I lasted about 30 minutes before I began to feel panicked by the cramped quarters, the drop ceiling, the fact that at 25 I was having my first hot flash and the fear I would probably die of starvation in the ugliest room ever. So I fled, leaving Caroline to endure alone. I flew through the maze of office space and made it to the street where the filth of the Herald Square winds felt like angel kisses and the humid, salty smell coming from the hot dog vendors became an odoriferous siren song that beckoned me to eat street meat. And I did. And it was good. I was calm, happy, beginning to really believe in miracles on 34th street.
I went back inside with a renewed attitude, a sense of euphoria, determined to have a great rest of the evening. I slid back to my seat next to Caroline, whose face looked gaunt and pale. The woman on my other side was dining on a tin of Altoids. The misery of the room -- people fanning themselves with programs, tipping wine glasses on end in their mouths to get the last drop -- once again penetrated my good spirits.
The show ended and someone announced that the after party was on the 13th floor and that it would be catered. I was happy again. Caroline and I made our way out of the auditorium and toward the stairs when a large man told us that we must take the elevators. Picture this: 200 hot and hungry women waiting for the million-year-old Macy's elevators to take them down three flights of stairs. I was at the end of my rope when I was ushered into a tiny elevator with 15 other people. The lady whose body was pressed against mine looked into my face, saw the panic and discomfort, smiled, and told me that she had Xanax if I wanted it.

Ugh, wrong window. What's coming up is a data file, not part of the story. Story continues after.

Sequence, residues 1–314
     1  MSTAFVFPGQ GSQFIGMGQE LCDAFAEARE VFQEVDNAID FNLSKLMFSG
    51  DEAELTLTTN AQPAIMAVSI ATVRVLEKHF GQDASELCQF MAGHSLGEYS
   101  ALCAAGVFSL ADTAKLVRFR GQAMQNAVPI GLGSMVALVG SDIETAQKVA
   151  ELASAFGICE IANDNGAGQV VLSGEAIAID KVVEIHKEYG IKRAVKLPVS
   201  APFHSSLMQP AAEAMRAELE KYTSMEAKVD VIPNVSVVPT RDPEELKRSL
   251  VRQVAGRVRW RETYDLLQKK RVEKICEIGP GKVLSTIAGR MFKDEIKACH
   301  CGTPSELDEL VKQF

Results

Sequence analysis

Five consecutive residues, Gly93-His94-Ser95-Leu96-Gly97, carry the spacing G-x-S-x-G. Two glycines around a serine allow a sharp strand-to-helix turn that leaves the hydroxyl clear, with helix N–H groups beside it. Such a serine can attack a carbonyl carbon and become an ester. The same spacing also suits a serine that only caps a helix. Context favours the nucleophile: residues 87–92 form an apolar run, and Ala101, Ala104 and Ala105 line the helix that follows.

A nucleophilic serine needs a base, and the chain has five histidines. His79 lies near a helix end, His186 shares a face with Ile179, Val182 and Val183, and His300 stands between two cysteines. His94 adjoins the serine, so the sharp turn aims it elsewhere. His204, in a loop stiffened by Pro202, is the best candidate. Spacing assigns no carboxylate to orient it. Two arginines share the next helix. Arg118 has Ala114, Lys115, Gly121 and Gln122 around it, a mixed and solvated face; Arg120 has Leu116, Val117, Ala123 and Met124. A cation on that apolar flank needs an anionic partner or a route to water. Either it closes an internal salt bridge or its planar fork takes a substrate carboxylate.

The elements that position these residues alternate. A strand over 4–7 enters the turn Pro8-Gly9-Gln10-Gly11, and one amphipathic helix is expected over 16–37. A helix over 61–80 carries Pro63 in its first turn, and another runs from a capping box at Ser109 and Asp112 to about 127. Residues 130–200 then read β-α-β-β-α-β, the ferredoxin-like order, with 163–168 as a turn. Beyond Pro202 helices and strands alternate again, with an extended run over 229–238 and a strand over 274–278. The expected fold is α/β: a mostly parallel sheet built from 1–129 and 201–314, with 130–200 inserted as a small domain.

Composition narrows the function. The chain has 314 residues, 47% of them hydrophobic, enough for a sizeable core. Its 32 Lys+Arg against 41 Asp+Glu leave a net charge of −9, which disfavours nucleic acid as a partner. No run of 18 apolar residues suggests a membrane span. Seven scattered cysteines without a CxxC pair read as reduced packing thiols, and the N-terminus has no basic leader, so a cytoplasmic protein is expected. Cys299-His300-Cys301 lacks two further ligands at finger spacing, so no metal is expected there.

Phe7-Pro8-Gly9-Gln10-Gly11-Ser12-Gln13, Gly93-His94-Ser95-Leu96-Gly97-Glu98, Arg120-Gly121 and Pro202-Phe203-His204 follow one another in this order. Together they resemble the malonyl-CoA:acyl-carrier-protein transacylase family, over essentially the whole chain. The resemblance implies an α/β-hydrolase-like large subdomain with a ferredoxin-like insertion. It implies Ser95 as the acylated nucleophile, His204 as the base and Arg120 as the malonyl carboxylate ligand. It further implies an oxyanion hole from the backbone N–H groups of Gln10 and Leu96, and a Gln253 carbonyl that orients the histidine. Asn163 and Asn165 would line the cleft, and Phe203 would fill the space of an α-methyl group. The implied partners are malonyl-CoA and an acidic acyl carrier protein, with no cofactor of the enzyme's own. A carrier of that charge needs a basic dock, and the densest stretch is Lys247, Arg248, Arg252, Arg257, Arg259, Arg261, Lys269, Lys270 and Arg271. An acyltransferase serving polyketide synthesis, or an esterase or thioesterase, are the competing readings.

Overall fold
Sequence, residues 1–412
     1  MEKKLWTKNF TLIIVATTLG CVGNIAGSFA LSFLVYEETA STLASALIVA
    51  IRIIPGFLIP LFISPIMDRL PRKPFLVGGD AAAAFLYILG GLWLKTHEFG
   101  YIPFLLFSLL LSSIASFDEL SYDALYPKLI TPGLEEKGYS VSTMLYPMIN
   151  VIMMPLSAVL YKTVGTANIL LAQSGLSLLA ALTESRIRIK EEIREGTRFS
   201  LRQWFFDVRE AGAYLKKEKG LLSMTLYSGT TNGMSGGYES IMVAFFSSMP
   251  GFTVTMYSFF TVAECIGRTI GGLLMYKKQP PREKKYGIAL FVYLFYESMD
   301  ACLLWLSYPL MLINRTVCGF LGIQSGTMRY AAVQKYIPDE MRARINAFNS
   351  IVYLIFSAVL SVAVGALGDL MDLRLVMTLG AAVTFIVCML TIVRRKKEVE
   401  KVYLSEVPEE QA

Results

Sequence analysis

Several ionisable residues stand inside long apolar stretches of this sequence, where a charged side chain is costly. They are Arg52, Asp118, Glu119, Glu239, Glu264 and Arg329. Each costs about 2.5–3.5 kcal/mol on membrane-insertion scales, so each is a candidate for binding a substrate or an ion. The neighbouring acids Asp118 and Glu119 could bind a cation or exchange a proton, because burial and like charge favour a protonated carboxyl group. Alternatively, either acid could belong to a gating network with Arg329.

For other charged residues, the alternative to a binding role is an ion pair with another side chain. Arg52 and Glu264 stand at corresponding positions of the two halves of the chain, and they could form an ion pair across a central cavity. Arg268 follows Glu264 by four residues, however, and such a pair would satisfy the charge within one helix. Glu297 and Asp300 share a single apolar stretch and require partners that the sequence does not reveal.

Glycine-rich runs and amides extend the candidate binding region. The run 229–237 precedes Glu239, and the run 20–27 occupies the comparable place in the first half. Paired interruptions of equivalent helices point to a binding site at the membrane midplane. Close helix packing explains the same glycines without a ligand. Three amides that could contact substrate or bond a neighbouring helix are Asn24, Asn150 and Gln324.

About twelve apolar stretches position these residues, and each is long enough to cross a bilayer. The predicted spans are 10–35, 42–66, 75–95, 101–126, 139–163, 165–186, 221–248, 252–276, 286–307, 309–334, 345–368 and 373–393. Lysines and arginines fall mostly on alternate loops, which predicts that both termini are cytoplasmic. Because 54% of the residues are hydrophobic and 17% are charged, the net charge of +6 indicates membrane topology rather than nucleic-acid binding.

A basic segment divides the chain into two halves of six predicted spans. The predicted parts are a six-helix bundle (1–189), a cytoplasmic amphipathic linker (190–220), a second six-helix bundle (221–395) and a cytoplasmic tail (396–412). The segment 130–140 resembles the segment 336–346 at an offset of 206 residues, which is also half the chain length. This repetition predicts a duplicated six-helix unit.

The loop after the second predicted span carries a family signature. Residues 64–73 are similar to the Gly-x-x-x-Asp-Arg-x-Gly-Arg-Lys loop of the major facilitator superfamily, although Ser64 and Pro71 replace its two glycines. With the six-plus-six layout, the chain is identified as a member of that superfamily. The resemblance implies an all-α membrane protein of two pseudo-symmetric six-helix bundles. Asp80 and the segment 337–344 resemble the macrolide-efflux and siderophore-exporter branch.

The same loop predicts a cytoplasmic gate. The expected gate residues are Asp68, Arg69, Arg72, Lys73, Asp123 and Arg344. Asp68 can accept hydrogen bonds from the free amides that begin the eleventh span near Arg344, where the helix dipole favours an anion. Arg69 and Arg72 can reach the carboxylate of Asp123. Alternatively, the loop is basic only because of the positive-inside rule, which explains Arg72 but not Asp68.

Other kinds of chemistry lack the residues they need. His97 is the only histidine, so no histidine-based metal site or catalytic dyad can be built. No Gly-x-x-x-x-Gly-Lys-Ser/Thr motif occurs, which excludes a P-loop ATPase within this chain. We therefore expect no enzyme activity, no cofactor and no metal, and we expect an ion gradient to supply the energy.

The after party was the most disjointed experience I've had at a party in NYC (and I'm including those warehouse raves in Brooklyn I was once fond of). The railroad-style rooms proved difficult to maneuver, and finding the food and bar was near-impossible. I beelined to the last room, grabbed a glass of champagne and began to look for the food. I shot through each room back to the front, looking for any traces of sustenance -- napkins, people chewing, cater-waiters with empty plates. And then I saw it: a shiny tray full of what looked like beef cubes on crackers. I was in slow motion. I grabbed two and handed one to Caroline, who was mumbling about how the lights were too low and no one could see anything. I told her to get off the clock and bit into the cracker. And -- oh my God. It was a bamboo spoon. Teeth hurt. Time to go.
We grabbed the 15-pound gift bags full of books, including a cookbook -- funny -- and went to Korean BBQ and ordered too much food and sake. I was full, I was happy. Since I was so hot and hungry, I forgot to take pictures. NYWIFT sent some over that were taken by Eileen Miller at the event.